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3.6.5.3 Comments on Nonlinear Systems

The stochastic response of nonlinear structures cannot be obtained by the aforementioned method because of the requirement of superposition. One of the approaches is to generate an ensemble of ground motion accelerograms by the techniques based on filtered white noise and then determine deterministically the time-history response of the nonlinear structure to each input accelerogram, and finally examine the output response process using Monte Carlo methods. Usually, one is interested primarily in the mean and standard deviation values of the extreme response [8].

3.6.6 Comments on Wave Propagation Analysis

Theoretically, mode superposition is an effective method of obtaining the free or forced vibration response of a continuous system of finite extent. In practice, several difficulties may arise in application of the method. For instance, it may not be possible to determine the mode shapes and frequencies of the continuous system being analyzed. A system of infinite extent has a continuous band of frequencies, and the term ''mode shape'' loses its meaning. Obviously, modal analysis is not possible in such a case. However, an alternative method known as wave propagation analysis may prove to be quite effective in obtaining the response of the system [9].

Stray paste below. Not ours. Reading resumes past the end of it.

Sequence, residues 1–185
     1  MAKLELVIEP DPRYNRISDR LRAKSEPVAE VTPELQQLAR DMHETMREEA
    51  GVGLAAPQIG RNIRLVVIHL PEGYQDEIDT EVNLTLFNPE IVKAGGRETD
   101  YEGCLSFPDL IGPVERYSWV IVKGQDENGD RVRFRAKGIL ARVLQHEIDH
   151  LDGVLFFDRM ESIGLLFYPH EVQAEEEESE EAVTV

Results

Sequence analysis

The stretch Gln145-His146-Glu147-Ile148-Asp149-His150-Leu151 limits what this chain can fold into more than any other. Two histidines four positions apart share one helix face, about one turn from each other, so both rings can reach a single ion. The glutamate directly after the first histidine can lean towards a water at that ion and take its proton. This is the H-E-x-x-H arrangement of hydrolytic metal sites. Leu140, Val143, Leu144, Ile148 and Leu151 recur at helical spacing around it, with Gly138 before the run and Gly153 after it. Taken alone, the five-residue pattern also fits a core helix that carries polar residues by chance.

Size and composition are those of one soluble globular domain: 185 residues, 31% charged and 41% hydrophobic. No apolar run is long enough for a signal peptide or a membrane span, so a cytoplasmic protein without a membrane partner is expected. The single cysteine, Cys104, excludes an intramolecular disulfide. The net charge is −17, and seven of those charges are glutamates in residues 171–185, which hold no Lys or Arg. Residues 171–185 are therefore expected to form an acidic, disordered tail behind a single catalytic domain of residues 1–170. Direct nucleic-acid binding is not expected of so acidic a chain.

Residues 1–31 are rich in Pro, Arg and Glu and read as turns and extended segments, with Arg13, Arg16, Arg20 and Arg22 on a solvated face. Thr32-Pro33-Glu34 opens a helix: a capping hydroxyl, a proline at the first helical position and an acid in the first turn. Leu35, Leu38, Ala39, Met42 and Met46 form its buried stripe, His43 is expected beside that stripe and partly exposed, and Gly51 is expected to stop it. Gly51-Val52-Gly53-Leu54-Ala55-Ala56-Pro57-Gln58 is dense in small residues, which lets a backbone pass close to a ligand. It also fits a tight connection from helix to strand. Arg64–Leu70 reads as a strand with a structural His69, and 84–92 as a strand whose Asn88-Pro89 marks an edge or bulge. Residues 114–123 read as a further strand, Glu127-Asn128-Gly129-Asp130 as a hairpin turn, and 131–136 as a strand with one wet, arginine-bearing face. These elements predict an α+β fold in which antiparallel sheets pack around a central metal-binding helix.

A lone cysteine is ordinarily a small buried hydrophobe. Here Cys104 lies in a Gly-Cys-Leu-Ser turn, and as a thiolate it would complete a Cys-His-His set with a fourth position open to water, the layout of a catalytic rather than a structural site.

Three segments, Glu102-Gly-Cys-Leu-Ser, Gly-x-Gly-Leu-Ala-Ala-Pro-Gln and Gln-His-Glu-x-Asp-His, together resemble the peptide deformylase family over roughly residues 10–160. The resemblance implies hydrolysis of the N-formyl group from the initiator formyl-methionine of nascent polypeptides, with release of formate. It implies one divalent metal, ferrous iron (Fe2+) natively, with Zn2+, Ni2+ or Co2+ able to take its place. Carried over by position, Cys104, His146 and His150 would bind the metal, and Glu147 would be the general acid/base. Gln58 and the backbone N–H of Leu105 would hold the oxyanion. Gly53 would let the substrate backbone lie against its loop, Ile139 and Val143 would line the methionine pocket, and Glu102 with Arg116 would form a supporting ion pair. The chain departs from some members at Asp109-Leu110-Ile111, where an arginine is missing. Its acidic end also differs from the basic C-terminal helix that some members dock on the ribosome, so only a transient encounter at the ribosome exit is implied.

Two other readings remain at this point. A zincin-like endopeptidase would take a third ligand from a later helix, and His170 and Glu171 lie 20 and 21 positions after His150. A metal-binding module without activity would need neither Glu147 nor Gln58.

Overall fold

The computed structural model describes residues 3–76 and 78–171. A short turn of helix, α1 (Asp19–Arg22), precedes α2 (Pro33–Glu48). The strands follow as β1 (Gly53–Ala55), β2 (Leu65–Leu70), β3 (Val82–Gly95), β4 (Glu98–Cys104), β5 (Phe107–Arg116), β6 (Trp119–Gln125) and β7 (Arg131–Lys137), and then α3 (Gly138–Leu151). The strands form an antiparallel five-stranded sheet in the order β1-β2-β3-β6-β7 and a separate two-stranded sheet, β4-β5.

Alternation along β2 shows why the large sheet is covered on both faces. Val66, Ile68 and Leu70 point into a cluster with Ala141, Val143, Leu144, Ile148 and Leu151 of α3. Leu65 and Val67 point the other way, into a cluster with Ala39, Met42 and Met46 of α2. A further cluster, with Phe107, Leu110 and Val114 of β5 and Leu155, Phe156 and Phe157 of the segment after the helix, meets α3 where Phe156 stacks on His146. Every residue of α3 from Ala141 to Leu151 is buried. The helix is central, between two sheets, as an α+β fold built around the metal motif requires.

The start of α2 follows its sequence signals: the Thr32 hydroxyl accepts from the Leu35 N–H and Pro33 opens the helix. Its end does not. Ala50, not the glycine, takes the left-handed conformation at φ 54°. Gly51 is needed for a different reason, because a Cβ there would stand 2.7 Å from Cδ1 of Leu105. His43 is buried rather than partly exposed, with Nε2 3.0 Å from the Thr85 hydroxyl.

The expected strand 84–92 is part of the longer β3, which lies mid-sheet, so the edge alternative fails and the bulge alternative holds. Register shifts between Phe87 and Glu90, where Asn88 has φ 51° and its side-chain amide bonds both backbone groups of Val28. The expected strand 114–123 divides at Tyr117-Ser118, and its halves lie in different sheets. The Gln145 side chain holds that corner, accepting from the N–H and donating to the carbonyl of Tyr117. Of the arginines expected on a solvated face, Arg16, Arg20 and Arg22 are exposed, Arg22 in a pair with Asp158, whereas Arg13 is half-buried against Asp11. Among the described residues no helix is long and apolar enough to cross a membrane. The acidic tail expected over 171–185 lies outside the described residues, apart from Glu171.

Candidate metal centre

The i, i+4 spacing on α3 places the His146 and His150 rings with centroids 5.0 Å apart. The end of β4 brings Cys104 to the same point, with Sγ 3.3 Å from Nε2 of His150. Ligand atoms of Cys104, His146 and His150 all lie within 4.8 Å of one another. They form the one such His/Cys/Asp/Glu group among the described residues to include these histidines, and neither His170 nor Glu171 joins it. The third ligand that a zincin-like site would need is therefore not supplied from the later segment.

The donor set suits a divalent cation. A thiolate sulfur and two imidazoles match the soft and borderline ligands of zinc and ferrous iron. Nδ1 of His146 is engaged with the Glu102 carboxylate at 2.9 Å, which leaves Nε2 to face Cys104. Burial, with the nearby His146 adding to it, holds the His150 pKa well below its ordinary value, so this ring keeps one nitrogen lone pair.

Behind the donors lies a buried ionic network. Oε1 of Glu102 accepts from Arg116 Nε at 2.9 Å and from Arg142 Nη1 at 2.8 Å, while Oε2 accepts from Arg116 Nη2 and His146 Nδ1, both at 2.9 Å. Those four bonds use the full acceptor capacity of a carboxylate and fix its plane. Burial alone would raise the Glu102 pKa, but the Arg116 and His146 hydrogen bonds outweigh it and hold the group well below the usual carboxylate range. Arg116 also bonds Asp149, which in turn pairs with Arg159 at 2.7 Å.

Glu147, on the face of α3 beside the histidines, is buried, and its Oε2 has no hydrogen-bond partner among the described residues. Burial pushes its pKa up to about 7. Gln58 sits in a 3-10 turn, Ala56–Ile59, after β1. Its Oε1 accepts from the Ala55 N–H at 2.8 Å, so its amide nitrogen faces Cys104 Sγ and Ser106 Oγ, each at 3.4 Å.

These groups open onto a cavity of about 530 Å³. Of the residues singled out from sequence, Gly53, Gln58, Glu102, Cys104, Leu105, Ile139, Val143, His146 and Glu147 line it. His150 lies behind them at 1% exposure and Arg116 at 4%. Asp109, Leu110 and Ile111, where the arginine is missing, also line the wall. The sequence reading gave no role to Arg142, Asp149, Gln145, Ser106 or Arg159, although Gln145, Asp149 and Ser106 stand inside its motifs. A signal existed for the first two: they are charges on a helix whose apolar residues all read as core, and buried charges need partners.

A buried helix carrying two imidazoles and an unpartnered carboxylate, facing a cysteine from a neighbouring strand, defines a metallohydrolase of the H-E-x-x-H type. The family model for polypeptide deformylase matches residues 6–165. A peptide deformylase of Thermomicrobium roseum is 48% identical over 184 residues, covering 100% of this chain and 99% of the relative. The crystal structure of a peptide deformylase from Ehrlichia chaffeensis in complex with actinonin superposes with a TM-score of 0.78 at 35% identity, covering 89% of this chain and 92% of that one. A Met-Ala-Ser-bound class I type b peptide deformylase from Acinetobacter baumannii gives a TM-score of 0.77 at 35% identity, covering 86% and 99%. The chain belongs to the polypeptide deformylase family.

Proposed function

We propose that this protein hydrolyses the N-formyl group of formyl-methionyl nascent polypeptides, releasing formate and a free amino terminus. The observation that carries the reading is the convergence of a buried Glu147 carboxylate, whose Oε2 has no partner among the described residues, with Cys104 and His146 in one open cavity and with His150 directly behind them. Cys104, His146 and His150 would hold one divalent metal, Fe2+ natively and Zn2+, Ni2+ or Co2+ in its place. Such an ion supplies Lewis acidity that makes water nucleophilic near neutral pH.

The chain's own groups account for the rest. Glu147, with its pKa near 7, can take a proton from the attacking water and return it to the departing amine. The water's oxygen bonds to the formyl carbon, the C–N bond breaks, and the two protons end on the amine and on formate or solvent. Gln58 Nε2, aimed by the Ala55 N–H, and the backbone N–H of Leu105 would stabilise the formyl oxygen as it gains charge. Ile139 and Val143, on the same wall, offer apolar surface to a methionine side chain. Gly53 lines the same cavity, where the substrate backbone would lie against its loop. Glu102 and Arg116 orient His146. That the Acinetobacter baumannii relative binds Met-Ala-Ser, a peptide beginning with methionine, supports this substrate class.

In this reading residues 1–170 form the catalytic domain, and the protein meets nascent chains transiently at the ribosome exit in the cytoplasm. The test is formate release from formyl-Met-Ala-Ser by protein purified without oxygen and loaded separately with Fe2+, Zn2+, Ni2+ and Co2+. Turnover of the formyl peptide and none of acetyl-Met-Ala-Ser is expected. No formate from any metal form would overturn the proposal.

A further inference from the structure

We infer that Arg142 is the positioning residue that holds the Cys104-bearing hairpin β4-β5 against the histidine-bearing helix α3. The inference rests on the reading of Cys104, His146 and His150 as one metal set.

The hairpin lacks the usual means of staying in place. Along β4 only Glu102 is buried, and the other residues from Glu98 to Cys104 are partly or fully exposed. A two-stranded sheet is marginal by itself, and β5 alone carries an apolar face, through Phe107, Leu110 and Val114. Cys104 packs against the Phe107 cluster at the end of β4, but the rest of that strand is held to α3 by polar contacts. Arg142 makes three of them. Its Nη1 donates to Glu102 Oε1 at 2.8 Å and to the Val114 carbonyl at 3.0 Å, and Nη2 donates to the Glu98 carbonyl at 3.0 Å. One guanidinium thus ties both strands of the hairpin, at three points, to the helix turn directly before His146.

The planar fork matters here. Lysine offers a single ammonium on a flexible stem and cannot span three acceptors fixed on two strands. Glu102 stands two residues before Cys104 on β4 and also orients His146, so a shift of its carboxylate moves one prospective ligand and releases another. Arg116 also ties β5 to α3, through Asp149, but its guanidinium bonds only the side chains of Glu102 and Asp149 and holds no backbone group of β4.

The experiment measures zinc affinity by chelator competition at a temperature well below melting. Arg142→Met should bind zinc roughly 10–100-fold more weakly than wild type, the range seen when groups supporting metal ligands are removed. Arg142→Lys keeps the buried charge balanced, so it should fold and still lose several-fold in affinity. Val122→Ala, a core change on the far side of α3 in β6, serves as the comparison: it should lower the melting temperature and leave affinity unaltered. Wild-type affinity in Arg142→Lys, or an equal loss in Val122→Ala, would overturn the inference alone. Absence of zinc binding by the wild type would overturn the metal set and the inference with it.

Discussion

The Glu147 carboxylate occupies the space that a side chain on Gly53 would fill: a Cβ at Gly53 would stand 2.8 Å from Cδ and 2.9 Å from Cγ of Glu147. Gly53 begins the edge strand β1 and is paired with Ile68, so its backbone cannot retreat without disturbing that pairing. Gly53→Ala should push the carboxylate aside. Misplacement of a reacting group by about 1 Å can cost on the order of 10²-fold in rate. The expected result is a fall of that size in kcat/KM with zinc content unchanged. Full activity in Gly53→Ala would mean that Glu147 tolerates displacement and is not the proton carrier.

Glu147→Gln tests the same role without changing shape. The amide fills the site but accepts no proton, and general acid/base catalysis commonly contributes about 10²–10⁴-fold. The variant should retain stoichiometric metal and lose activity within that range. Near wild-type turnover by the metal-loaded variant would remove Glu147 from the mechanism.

3.7 Hysteresis Models and Nonlinear Response Analysis 3.7.1 Introduction

The previous sections focused on elastic structures with emphasis on mathematical models, analytical methodologies, and response characteristics. When a structure is subjected to dynamic force or ground motion, its constituent members may deform beyond their elastic limit, such as yielding stress of steel or crack stress of concrete. If we assume that the members continue to behave elastically, then their response behavior is based on linear or elastic analysis as presented previously. When the stress-strain relationship beyond the elastic stage is considered, the response then results from nonlinear or inelastic analysis. Naturally, nonlinear analysis always encompasses linear analysis because of elastic material behavior at the early loading stage. When inelastic material behavior is considered in formulating the force-deformation relationship of a structural member, the relationship is called hysteresis model. A typical stress-strain relationship of structural steel is shown in Figure 3.32. The linear relationship between O and A is defined as elastic behavior. After initial yielding, oy, the slope of the stress-strain curve is not constant and material behavior becomes inelastic. Unloading path B-C and reloading path D-E are elastic and form straight lines parallel to the initial elastic path O-A. Absolute values of the

FIGURE 3.32 Material nonlinearity.

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